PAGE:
Is Murdock Darwin’s new Galápagos?


Jake Downing

The renovation and build-out of Linfield’s new state-of-the-art science center and laboratory space began during the summer of 2021 and plans to finish this winter.

Riley Omonaka, News Editor

I love the extra funding and resources being thrown into the science department, but I can’t help but wonder if Charles Darwin’s spirit has come to haunt us all.

For those of you not familiar with biology mastermind Darwin, he studied the effects of natural selection on a population of birds in the Archipelago in Ecuador. Natural selection is the process by which environmental factors affect the traits of a population across generations. Individuals with traits that are favorable to the environment live to produce offspring, those that have unfavorable traits return to their little birdie maker. 

Now how does the spirit of Darwin live on in the half-finished Linfield science buildings? Well, it is my working theory that the unfinished edges of the building are meant to test the wills and physical abilities of all science students. 

As a woman in STEM, I came into Linfield expecting to have to traverse weeder classes and stress. Never in my wildest dreams did I imagine that I would have to drag a trash can filled with sandbags through the Murdock halls. And then back again.

Let me be clear, that trash can was so heavy it would require a small squadron of science students to carry it with any ease or grace. However, the still unfinished labs of Murdock lacked a few basic necessities in the wake of their renovations, such as trash cans, clocks, and functioning air conditioning. The only trash cans to be found seemed to be double my weight.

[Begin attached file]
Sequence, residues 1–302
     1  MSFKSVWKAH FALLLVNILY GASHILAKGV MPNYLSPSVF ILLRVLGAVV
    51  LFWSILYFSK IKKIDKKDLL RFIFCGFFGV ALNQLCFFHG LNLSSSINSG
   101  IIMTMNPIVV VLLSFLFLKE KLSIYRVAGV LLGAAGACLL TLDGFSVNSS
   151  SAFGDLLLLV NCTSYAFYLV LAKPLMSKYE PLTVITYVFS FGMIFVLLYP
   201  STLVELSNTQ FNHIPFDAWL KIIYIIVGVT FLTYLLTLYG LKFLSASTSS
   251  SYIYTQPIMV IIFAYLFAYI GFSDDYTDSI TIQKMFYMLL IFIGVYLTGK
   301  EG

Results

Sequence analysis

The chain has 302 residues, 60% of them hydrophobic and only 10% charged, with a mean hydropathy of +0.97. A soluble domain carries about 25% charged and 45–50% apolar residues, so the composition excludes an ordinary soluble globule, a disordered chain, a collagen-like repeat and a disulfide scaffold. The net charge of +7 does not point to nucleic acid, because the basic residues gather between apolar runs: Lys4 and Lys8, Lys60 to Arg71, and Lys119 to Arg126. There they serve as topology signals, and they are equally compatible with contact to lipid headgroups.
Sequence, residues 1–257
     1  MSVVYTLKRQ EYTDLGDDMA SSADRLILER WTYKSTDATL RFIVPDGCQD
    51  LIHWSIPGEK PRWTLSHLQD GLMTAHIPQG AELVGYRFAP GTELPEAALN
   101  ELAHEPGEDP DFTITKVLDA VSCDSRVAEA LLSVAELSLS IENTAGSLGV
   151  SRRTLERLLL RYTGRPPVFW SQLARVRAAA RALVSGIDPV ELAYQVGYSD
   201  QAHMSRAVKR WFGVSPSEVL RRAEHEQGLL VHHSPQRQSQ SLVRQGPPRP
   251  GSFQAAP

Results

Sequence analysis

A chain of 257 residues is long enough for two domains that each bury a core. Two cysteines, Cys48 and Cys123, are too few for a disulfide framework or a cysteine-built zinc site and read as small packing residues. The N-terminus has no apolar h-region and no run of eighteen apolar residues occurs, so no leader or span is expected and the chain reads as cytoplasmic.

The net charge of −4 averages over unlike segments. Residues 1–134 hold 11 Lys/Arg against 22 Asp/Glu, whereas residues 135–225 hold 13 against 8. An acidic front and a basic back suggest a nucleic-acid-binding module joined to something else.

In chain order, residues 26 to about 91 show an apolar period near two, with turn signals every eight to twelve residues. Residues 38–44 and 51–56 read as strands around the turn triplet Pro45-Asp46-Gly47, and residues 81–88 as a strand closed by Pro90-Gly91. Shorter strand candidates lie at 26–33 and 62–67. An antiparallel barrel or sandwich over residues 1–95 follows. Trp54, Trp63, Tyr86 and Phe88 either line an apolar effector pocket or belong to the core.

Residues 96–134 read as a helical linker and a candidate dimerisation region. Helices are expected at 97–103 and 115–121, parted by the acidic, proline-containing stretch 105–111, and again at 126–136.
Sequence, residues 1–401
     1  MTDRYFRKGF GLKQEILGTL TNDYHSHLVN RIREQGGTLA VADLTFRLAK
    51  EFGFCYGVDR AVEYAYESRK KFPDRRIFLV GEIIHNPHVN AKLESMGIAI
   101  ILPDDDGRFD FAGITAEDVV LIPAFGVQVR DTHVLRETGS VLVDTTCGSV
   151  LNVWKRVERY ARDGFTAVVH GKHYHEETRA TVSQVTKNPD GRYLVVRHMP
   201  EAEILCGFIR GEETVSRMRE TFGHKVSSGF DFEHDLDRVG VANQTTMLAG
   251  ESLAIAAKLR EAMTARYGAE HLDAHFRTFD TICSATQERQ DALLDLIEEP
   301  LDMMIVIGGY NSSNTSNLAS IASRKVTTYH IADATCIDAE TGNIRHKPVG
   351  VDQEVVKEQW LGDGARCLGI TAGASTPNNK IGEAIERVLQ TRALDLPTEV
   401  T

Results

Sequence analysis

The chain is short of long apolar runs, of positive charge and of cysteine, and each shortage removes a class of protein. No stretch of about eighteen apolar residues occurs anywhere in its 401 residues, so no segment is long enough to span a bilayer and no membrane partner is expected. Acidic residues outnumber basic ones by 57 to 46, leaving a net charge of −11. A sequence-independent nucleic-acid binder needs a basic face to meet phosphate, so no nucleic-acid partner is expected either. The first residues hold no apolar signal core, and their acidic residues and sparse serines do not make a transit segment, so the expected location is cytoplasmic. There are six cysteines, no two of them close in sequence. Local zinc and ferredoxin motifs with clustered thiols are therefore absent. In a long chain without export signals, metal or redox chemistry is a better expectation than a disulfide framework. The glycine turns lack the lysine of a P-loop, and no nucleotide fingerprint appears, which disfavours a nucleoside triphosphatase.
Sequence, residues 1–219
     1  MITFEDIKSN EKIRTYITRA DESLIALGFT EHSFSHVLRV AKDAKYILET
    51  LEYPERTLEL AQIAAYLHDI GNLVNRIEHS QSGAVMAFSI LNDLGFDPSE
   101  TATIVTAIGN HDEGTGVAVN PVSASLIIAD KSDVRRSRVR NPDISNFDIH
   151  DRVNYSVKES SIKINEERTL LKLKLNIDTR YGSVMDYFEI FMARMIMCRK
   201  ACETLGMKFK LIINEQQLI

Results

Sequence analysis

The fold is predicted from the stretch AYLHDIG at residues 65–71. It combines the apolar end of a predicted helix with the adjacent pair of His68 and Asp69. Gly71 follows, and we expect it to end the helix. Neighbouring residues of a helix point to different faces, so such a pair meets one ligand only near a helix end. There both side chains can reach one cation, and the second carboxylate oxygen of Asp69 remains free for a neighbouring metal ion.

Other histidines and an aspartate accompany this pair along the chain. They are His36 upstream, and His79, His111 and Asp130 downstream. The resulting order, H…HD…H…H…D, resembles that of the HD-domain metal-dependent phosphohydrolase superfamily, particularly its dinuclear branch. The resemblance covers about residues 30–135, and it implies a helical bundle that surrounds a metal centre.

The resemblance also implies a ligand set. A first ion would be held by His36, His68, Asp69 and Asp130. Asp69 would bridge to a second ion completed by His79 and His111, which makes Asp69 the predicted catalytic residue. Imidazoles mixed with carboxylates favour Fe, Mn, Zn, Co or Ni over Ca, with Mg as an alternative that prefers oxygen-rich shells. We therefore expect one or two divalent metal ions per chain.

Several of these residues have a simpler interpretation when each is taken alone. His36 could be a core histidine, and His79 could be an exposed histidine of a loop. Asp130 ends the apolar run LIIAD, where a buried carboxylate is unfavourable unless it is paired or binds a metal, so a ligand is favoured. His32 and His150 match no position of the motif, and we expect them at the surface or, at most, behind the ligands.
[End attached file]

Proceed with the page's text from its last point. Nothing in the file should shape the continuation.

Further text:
While I dragged that trash can through the carpeted halls of the science building only two thoughts crossed my mind: ‘I really hope I don’t throw out my back and ‘if this is how the semester goes I am going to be so buff’. When I stopped to catch my breath finally I thought about how tough all science students would be when construction finally finished. We would be the most rugged, most mentally tough, group of students on campus. 

Whether by design or accident the science departments seemed to have increased the difficulty of thriving. No longer is intellect enough to get by, now students must be creative and physically nimble.

Trash can-related troubles are only for those that can find their way into the building at all. Some students and faculty have found themselves denied entry. Should the card readers decide to act up, many find themselves locked out. Oh yes, I’ve heard many harrowing tales of window entries and randomly locking and unlocking doors. Depending on the time of your arrival or the whims of the door, you may find yourself locked out of lab or office hours.

Do not worry, there are those among us with kind hearts that aim to fight off Darwin’s vengeful spirit. While the mysteriously locking doors keep out students and staff too short to reach and slip through the windows, those students refuse to leave their science brethren behind. Often, the doors can be found propped open to help out those of us who fall victim to the card reader’s malevolence.

All jokes aside, I look forward to the completion of the new science buildings, which are projected for this December, and enjoy trading construction stories with classmates and professors. While inconvenient at times the construction is no more a threat to my studies than everyday campus life (don’t get me started on parking).